Thou madest him to have dominion over the works of thy hands; thou hast put all things under his feet:(Heb.: 8:7-9) Man is a king, and not a king without territory; the world around, with the works of creative wisdom which fill it, is his kingdom. The words "put under his feet" sound like a paraphrase of the רדה in Genesis 1:26, Genesis 1:28, כּל is unlimited, as in Job 13:1; Job 42:2; Isaiah 44:24. But the expansion of the expression in Psalm 8:8, Psalm 8:9 extends only to the earth, and is limited even there to the different classes of creatures in the regions of land, air, and water. The poet is enthusiastic in his survey of this province of man's dominion. And his lofty poetic language corresponds to this enthusiasm. The enumeration begins with the domestic animals and passes on from these to the wild beasts-together the creatures that dwell on terra firma. צנה (צנא Numbers 32:24) from צנה (צנא) Arab. dnâ (dn'), as also Arab. dân, fut. o., proliferum esse is, in poetry, equivalent to צאן, which is otherwise the usual name for small cattle. אלפים (in Aramaic, as the name of the letter shows, a prose word) is in Hebrew poetically equivalent to בּקר; the oxen which willingly accommodate themselves to the service of man, especially of the husbandman, are so called from אלף to yield to. Wild animals, which in prose are called חיּת הארץ, (השּׂדה) here bear the poetical name בּהמות שׂדי, as in Joel 2:22, cf. Joel 1:20, 1 Samuel 17:44. שׂדי (in pause שׂדי) is the primitive form of שׂדה, which is not declined, and has thereby obtained a collective signification. From the land animals the description passes on to the fowls of the air and the fishes of the water. צפּור is the softer word, instead of עוף; and שׁמים is water. צפּור is the softer word, instead of עוף; and שׁמים is used without the art. according to poetical usage, whereas היּם without the art. would have sounded too scanty and not sufficiently measured. In connection with ימּים the article may be again omitted, just as with שׁמים. עבר is a collective participle. If the following were intended: he (or: since he), viz., man, passes through the paths of the sea (Bttcher, Cassel, and even Aben-Ezra and Kimchi), then it would not have been expressed in such a monostich, and in a form so liable to lead one astray. The words may be a comprehensive designation of that portion of the animal kingdom which is found in the sea; and this also intended to include all from the smallest worm to the gigantic leviathan: ὁππόσα ποντοπόρους παρεπιστείβουσι κελεύθους (Apollinaris). If man thus rules over every living thing that is round about him from the nearest to the most remote, even that which is apparently the most untameable: then it is clear that every lifeless created thing in his vicinity must serve him as its king. The poet regards man in the light of the purpose for which he was created.
All sheep and oxen, yea, and the beasts of the field;
The fowl of the air, and the fish of the sea, and whatsoever passeth through the paths of the seas.
O LORD our Lord, how excellent is thy name in all the earth!(Heb.: 8:10) 8:10. He has now demonstrated what he expressed in Psalm 8:2, that the name of Jahve whose glory is reflected by the heavens, is also glorious on earth. Thus, then, he can as a conclusion repeat the thought with which he began, in a wider and more comprehensive meaning, and weave his Psalm together, as it were, into a wreath.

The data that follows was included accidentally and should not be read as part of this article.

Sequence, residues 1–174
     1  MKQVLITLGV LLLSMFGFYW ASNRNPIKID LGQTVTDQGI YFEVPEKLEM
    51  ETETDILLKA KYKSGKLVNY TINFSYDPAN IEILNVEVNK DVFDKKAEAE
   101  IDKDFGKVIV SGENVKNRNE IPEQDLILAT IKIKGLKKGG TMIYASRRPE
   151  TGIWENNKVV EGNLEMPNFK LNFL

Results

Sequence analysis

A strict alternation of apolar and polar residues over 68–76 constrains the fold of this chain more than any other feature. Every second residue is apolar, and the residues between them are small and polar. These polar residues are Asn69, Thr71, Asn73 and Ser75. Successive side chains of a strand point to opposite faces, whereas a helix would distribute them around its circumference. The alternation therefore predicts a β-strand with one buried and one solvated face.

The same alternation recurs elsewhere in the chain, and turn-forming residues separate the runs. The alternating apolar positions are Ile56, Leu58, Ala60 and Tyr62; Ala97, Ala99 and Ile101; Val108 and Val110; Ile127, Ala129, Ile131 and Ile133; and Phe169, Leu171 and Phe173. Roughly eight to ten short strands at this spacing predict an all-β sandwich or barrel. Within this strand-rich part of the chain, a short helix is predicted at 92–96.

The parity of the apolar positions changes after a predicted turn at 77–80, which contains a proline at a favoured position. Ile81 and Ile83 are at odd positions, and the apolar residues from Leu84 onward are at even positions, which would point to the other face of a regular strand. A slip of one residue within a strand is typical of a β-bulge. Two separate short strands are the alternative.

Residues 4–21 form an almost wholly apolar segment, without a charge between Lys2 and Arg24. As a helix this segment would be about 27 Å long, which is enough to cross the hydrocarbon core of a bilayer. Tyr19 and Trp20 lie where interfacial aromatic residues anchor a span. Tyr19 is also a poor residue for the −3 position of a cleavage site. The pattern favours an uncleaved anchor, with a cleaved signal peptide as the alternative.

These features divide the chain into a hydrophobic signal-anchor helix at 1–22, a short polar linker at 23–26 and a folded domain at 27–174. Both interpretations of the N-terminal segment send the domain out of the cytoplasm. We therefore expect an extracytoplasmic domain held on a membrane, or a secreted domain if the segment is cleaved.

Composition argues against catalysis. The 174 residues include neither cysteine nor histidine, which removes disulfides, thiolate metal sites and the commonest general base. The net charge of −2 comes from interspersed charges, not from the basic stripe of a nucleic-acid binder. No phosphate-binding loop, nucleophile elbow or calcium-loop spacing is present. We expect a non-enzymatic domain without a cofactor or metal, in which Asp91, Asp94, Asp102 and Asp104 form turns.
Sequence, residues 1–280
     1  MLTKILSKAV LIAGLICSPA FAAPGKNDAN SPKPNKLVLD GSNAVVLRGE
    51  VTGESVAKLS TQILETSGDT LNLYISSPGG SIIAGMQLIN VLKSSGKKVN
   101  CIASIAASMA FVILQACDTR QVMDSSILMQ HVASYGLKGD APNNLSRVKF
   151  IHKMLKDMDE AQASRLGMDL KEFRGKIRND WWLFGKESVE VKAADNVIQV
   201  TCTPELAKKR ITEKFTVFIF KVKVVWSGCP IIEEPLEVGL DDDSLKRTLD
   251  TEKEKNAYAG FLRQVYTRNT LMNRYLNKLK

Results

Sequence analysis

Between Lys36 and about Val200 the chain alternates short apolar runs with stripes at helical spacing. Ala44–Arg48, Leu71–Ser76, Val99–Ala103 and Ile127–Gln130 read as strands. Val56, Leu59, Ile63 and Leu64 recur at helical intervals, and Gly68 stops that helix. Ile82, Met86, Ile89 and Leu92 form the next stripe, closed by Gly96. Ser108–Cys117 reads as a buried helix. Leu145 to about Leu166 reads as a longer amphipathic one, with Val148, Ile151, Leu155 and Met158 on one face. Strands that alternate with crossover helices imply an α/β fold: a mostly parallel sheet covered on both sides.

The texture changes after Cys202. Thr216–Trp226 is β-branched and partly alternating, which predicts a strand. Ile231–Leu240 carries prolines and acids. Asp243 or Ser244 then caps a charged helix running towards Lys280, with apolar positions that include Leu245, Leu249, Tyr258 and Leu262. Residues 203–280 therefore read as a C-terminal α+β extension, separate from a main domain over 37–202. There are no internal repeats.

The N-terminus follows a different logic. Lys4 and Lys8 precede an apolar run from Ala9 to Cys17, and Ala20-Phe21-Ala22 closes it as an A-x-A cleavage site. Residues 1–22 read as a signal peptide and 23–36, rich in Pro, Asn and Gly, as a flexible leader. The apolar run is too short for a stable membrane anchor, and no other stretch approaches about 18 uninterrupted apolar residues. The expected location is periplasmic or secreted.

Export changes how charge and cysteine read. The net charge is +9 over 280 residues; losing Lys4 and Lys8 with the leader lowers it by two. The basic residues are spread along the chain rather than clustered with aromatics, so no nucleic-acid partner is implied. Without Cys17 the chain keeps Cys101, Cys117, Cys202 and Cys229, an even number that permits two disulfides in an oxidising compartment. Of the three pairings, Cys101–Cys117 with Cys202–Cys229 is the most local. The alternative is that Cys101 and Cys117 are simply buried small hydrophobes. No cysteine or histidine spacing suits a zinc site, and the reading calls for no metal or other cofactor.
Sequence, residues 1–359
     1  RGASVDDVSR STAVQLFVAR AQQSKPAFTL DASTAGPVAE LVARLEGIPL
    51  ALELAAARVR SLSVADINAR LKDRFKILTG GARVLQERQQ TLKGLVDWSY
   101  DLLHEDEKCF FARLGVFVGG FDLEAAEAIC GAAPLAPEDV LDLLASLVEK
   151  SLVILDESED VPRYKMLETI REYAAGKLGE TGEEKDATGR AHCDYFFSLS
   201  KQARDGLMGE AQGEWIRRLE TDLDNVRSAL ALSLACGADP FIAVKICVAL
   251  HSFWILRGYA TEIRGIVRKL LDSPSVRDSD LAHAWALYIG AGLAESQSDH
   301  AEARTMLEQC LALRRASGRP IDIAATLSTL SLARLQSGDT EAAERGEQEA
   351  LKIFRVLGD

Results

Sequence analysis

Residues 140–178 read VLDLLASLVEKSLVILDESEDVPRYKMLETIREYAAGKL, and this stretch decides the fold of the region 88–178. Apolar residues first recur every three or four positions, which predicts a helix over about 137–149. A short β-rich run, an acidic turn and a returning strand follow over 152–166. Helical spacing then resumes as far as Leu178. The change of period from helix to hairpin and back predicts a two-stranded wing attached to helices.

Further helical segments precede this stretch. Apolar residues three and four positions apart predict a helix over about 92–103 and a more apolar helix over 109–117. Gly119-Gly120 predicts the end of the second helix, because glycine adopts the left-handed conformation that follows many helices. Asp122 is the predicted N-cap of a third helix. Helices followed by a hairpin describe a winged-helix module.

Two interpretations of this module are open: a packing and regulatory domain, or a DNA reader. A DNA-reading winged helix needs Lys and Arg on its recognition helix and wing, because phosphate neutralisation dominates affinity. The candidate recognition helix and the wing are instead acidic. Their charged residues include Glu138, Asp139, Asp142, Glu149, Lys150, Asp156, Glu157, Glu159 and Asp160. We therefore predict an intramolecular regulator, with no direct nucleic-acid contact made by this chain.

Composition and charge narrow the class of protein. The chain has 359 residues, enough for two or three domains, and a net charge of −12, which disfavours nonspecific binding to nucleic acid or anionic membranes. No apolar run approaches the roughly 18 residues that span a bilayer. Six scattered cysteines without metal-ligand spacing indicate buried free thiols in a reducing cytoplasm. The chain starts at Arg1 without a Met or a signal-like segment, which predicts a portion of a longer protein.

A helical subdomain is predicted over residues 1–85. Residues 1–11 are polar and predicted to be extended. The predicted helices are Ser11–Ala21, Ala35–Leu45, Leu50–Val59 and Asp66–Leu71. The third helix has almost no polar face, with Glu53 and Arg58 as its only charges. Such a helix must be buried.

It is just this Psalm, of which one would have least expected it, that is frequently quoted in the New Testament and applied to the Messiah. Indeed Jesus' designation of Himself by ὁ υἱὸς τοῦ ἀνθρώπου, however far it may refer back to the Old Testament Scriptures, leans no less upon this Psalm than upon Daniel 7:13. The use the writer of the Epistle to the Hebrews (Hebrews 2:6-8) makes of Psalm 8:5 of this Psalm shows us how the New Testament application to the Messiah is effected. The psalmist regards man as one who glorifies God and as a prince created of God. The deformation of this position by sin he leaves unheeded. But both sides of the mode of regarding it are warranted. On the one hand, we see that which man has become by creation still in operation even in his present state; on the other hand, we see it distorted and stunted. If we compare what the Psalm says with this shady side of the reality, from which side it is incongruous with the end of man's creation, then the song which treats of the man of the present becomes a prophecy of the man of the future. The Psalm undergoes this metamorphosis in the New Testament consciousness, which looks more to the loss than to that which remains of the original. In fact, the centre of the New Testament consciousness is Jesus the Restorer of that which is lost. The dominion of the world lost to fallen man, and only retained by him in a ruined condition, is allotted to mankind, when redeemed by Him, in fuller and more perfect reality. This dominion is not yet in the actual possession of mankind, but in the person of Jesus it now sits enthroned at the right hand of God. In Him the idea of humanity is transcendently realised, i.e., according to a very much higher standard than that laid down when the world was founded. He has entered into the state-only a little (βραχύ τι) beneath the angels - of created humanity for a little while (βραχύ τι), in order to raise redeemed humanity above the angels. Everything (כּל) is really put under Him with just as little limitation as is expressed in this Psalm: not merely the animal kingdom, not merely the world itself, but the universe with all the ruling powers in it, whether they be in subjection or in hostility to God, yea even the power of death (1 Corinthians 15:27, cf. Ephesians 1:22). Moreover, by redemption, more than heretofore, the confession which comes from the mouth of little children is become a bulwark founded of God, in order that against it the resistance of the opponents of revelation may be broken. We have an example of this in Matthew 21:16, where our Lord points the pharisees and scribes, who are enraged at the Hosanna of the children, to Psalm 8:3. Redemption demands of man, before everything else, that he should become as a little child, and reveals its mysteries to infants, which are hidden from the wise and intelligent. Thus, therefore, it is μικροὶ καὶ νήπιοι, whose tongue is loosed by the Spirit of God, who are to put to shame the unbelieving; and all that this Psalm says of the man of the present becomes in the light of the New Testament in its relation to the history of redemption, a prophecy of the Son of man κατ ̓ ἐξοχήν, and of the new humanity.